Don’t let winter signal an end to growing and cooking with fresh herbs

With some care and planning, it’s possible to grow herbs indoors during the off-season. When choosing plants, consider your cooking needs and the area where you intend to keep them, said Union County Farm Bureau member Lynda Pealer, who with her husband, George, owns Millcreek Gardens in Ostrander. The nursery specializes in growing herb plants that it distributes to independent garden centers, landscape contractors, farm markets and municipalities within a 250-mile radius of Columbus.

Union County Farm Bureau member George Pealer with his indoor herbs growing in the greenhouse at Millcreek Gardens in Ostrander, which he owns with his wife, Lynda. They recommend growers of indoor herbs be motivated by what they want to use in their cooking.

“You need good light, but you have to be motivated by what you want to cook with,” Pealer said. “Start small and do a little experimenting.”

Growing indoors can be a challenge but it’s definitely worth doing, added Brooke Sackenheim, manager of the Ohio Herb Education Center in Gahanna, which bills itself as the herb capital of Ohio. “It’s not for the faint of heart,” she said. “Fresh herbs give food a spark that you won’t tend to find with dry herbs.”

Suggested herbs

She and Pealer suggest planting parsley, chives, oregano, bay, rosemary and mint. Place the plants in a window with a southern exposure as herbs need a minimum of four hours of sunlight, Sackenheim said. Herbs like sun but will not do well if they are located near a heating vent, which will dry them out, she said. The plants will be OK if they are exposed to some cold air coming in through the window.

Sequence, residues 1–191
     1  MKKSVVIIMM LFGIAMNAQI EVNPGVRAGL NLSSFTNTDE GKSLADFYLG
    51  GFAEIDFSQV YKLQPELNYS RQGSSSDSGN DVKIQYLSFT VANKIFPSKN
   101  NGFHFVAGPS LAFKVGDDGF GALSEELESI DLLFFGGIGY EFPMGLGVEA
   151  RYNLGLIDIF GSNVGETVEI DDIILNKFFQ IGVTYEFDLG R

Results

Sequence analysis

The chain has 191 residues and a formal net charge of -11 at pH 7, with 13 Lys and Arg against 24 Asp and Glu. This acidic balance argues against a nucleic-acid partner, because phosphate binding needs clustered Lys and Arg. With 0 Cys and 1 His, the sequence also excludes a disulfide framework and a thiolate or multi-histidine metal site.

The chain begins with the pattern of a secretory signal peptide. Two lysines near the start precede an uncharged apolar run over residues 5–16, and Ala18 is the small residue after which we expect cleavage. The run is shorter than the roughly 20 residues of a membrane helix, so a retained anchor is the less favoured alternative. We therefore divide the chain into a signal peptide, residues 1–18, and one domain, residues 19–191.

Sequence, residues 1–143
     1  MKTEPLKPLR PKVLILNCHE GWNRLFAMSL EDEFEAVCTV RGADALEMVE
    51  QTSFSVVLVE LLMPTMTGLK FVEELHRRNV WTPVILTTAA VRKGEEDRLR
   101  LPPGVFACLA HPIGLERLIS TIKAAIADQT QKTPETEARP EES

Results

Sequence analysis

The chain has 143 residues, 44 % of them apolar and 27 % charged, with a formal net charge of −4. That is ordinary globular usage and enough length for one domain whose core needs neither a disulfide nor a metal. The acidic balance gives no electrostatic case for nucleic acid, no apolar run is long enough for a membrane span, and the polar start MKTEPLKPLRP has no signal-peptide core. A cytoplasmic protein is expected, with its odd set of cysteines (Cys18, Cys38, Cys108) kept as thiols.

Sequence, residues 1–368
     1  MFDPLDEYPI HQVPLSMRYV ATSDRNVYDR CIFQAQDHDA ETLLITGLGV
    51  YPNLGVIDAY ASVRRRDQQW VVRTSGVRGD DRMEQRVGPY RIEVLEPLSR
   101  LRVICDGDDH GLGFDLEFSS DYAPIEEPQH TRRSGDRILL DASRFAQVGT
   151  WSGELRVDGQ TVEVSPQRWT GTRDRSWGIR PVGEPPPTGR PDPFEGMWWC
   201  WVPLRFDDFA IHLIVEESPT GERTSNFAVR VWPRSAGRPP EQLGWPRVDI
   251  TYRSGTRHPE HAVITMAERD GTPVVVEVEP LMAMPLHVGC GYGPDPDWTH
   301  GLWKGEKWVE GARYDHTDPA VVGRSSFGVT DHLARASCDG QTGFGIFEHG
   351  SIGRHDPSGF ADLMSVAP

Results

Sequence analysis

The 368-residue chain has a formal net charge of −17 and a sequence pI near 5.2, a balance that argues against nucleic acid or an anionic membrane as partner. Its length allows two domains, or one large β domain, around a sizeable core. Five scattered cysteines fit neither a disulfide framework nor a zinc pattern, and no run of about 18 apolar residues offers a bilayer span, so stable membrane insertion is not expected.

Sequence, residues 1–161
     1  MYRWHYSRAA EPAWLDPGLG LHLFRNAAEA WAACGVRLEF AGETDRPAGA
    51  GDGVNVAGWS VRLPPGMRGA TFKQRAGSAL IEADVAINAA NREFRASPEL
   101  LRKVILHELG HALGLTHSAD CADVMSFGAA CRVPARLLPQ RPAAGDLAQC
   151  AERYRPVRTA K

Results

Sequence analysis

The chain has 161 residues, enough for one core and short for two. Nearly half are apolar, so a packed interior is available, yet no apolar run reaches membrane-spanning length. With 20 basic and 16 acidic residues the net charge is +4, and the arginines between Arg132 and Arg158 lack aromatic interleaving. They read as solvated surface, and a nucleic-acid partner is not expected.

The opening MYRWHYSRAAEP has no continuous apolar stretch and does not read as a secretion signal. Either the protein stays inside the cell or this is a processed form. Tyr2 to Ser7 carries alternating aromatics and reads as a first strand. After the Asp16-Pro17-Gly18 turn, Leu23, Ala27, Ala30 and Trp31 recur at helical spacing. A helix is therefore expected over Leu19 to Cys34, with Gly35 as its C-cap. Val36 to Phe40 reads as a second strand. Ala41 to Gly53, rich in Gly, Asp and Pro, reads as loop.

Growers also need to pay attention to their watering habits, said Laura Richards, the head grower of herbs, edibles and specialty crops at Millcreek. She advises making sure the soil is dry for an inch or two deep before watering.

“People tend to overwater herbs in the house,” Richards said. “They have a very long water cycle.”

Richards, who cooks regularly with fresh herbs, recommends cutting a bouquet and keeping it in the kitchen. The cuttings smell nice and serve as a reminder to use the herbs.


“Harvesting them keeps them healthy,” she said. “The name of the game with herbs is you need to eat them. That’s why you are growing them in the first place. You need to thoroughly enjoy them.”

Tips for cooking with herbs:

  • Rosemary: Place the full stems in turkey or with meat while you cook it.
  • Mint: Chop up and put on fresh fruit.
  • Chives: Mix with cream cheese or butter to make a spread for sandwiches or vegetables. Add to eggs and omelets.
  • Parsley: Chop up and sprinkle over red potatoes, add butter and bake.
  • Bay leaf: Add to soup or stews.
  • Oregano: Chop up and add to sauces and soups. Make a side dish with roasted red peppers and feta.
  • Thyme: Mix with cream cheese or butter to make a spread. Also works well with meat.

The Dos and Don’ts of Indoor Herb Growing

  • Do consider setting the herb containers on a tray filled with stones that you keep moistened. This improves the humidity around the plants.
  • Do check the plants regularly for bugs and mildew.
  • Do use them for cooking.
  • Do group plants that have similar watering requirements.
  • Don’t over water.
  • Don’t store next to an indoor heating vent.
  • Don’t harvest more than a third of the plant at one time.
  • Don’t be frustrated if you have difficulty growing the plants the first year.

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